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When people think about microbes (microorganisms), they immediately think about things that make you sick. Although it’s true that microbes are composed of bacteria, viruses, and fungi, they can also be very beneficial in helping your body with regular functions, such as digesting food and maintaining your reproductive health.
In fact, microbes protect your body from all kinds of infections and can help in preventing some types of diseases. They also help your immune system fight off diseases that could be harmful to your heart, as well as many other organs.
People often worry about fighting and destroying the bad microbes, which, in the case you are experiencing the flu or a cold, would be helpful.
But more importantly, you should be more concerned about taking care of the good microbes and making sure they are doing their job.
The beneficial microbes are found in your gut bacteria, and they help your immune system function properly.
Good microbes digest fiber and produce short-chain fatty acids, which are extremely important for your gut health. Healthy gut microbes can also help support brain function by supporting the health of your central nervous system.
Bacteria can help break down toxins and sugars (carbohydrates) while assisting with the absorption of fatty acids that your cells need in order to grow. They also help damaged tissue while protecting your intestines from pathogens.
Believe it or not, you have trillions of harmless microbes living inside your body right now. They outnumber your own cells by about ten to one, and there are approximately 100 trillion bacterial cells compared to the average human cells of just ten trillion.
We know, we are talking trillions, and that can be scary, but you shouldn’t be scared because most are there to help you and play a rather big role in your overall health.
Considering there are bacteria everywhere in our bodies and that they cumulatively weigh close to 3 lbs (as much as a human brain), it can be your first line of defense when it comes to protecting your body against pathogens that can wreak havoc on your health. Each person’s bacteria is considered to be a personalized collection.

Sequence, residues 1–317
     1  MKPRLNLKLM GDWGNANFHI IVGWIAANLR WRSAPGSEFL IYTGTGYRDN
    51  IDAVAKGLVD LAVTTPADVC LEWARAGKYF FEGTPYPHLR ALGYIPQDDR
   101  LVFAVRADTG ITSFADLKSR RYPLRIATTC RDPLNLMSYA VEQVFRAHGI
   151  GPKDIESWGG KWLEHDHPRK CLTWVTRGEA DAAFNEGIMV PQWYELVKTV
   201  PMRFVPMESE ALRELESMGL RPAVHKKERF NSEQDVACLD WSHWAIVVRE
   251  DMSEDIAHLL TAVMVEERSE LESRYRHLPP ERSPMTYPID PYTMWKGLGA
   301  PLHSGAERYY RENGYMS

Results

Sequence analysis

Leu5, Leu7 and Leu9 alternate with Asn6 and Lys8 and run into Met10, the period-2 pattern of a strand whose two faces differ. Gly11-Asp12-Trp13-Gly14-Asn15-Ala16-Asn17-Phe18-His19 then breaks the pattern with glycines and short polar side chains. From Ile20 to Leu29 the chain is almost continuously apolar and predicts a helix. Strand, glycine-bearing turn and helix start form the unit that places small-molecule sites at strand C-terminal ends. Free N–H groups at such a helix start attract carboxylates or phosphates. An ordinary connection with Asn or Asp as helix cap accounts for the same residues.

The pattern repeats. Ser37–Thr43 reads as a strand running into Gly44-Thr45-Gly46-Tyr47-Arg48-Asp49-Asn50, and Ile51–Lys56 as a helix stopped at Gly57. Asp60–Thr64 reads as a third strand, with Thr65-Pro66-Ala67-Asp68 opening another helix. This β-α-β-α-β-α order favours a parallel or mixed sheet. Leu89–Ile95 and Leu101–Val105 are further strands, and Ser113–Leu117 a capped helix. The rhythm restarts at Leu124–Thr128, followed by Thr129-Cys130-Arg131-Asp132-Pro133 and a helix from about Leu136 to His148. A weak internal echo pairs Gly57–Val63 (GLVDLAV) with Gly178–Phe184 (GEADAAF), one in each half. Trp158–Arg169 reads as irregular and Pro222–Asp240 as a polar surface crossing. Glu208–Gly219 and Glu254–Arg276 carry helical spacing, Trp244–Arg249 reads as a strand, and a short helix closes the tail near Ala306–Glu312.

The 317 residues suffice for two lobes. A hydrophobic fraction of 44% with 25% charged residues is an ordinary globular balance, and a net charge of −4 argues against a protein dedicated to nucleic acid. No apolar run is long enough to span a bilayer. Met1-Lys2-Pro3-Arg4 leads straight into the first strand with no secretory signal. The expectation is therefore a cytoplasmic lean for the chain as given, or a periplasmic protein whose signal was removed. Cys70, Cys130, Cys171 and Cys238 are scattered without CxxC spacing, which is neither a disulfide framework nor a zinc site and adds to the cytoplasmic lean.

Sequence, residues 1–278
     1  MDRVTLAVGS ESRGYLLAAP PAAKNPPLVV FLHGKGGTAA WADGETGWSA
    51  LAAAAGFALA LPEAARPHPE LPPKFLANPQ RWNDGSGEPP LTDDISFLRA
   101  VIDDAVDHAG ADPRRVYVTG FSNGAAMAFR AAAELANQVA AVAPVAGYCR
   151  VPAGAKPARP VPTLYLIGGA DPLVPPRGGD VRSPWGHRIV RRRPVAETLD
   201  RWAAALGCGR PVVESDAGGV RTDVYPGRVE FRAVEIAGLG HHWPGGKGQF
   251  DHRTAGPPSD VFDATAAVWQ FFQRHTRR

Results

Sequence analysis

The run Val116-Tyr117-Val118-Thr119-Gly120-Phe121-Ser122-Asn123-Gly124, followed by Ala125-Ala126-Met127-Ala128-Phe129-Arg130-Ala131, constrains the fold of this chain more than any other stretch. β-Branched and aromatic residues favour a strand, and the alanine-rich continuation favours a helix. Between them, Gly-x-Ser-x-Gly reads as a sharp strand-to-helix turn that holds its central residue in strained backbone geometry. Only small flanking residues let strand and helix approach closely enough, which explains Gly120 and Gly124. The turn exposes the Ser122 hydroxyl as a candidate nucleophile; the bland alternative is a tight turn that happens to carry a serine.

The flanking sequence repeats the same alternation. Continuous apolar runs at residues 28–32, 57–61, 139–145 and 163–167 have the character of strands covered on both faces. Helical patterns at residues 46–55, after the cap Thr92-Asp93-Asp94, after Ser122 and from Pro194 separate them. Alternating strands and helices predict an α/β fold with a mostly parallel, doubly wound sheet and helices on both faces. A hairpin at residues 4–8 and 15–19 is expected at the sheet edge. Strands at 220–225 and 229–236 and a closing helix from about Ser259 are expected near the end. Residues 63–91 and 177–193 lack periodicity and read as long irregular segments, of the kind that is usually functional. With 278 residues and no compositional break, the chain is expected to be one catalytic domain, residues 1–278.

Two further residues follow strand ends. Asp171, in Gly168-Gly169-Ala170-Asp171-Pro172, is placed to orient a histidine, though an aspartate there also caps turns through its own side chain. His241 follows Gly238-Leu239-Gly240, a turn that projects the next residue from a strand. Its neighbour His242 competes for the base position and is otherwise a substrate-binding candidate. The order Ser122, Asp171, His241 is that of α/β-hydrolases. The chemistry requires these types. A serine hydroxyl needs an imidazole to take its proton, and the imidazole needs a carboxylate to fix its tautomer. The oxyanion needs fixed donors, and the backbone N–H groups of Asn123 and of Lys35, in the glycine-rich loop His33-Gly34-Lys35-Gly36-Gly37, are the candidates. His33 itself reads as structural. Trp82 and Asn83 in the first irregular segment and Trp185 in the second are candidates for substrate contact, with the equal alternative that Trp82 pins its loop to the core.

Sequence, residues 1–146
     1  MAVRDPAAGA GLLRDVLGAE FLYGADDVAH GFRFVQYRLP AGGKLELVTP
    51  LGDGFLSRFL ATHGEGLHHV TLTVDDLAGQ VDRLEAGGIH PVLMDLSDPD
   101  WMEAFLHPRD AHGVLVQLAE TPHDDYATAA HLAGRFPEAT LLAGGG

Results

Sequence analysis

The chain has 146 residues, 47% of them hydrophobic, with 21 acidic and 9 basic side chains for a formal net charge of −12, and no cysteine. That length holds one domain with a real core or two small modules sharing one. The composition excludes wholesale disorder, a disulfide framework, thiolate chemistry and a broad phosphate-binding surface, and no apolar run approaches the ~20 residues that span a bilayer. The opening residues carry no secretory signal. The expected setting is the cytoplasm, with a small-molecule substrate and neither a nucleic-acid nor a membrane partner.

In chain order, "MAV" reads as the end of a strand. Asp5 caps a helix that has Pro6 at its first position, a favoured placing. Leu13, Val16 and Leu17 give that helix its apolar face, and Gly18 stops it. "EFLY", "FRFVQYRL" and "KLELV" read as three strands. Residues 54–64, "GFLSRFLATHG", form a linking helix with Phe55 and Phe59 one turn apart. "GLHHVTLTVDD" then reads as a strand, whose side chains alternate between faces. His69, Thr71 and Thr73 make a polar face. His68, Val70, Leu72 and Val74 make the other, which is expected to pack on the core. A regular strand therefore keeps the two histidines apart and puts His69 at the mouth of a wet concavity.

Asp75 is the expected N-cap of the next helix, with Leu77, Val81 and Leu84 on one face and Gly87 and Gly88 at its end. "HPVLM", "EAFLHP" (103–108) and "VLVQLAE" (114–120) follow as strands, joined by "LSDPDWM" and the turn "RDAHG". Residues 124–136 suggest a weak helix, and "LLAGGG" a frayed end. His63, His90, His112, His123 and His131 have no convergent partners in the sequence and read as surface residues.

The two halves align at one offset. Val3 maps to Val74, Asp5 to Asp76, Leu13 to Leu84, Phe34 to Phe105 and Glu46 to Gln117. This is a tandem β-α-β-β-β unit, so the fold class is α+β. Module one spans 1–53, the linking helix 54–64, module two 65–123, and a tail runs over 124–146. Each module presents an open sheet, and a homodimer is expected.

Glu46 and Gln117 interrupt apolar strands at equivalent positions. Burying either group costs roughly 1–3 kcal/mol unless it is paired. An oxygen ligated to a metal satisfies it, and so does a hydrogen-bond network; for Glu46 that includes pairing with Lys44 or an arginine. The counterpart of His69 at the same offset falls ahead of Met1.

Since the moment you are born, you are collecting different forms of microbes. As you go through life, your environment will contribute to your bacteria.
This can play a major factor in how strong your immune system is. All these microbes that are living on the inside and outside of your body are actually protecting you from nasty pathogens. You want the good bacteria to take up more space in your body so that the bad bacteria can’t grow.
Microbes protect you from many things, including protecting you from auto-immune diseases and helping to keep weight within a normal range. They help us ferment foods and aid in digestion all while producing some chemicals that help shape our metabolic rates. They can also help with fighting off stress. With trillions of microbes supporting you, there’s not much they don’t do!
You’re probably wondering if there is anything you can do to promote more healthy bacteria in your body. While there are things you can do to promote good microbes, you should also know that your body naturally does a good job of producing these cells as is.
You can help keep your bad bacteria in check by feeding your body nutritious foods, incorporating more probiotic and prebiotic foods or supplements, and getting the recommended amount of sleep of seven to eight hours each night.
Upping your greens is another way to fend off bad bacteria; this can be done by eating more leafy greens or by taking an enzyme supplement to promote better gut health.
It also helps to keep your body in a calm and positive state, including the mind. Try adding meditation or breathing exercises to your daily regimen along with some type of activity that keeps your bones and muscles strong. Taking a daily walk in nature does more for your body and soul than most people realize.
Tailoring your daily diet to include foods that help promote good bacteria is essential to your overall health. Be sure to add a nice range of whole foods, fruits, vegetables, whole grains, legumes, and other healthy food sources for optimizing your gut health.
Remember, your microbes play a crucial role in your gut health and keep you healthy for many years by supporting you in more ways than you could ever know. Be sure to take care of them as much as they take care of you by eating healthy and supplementing when needed!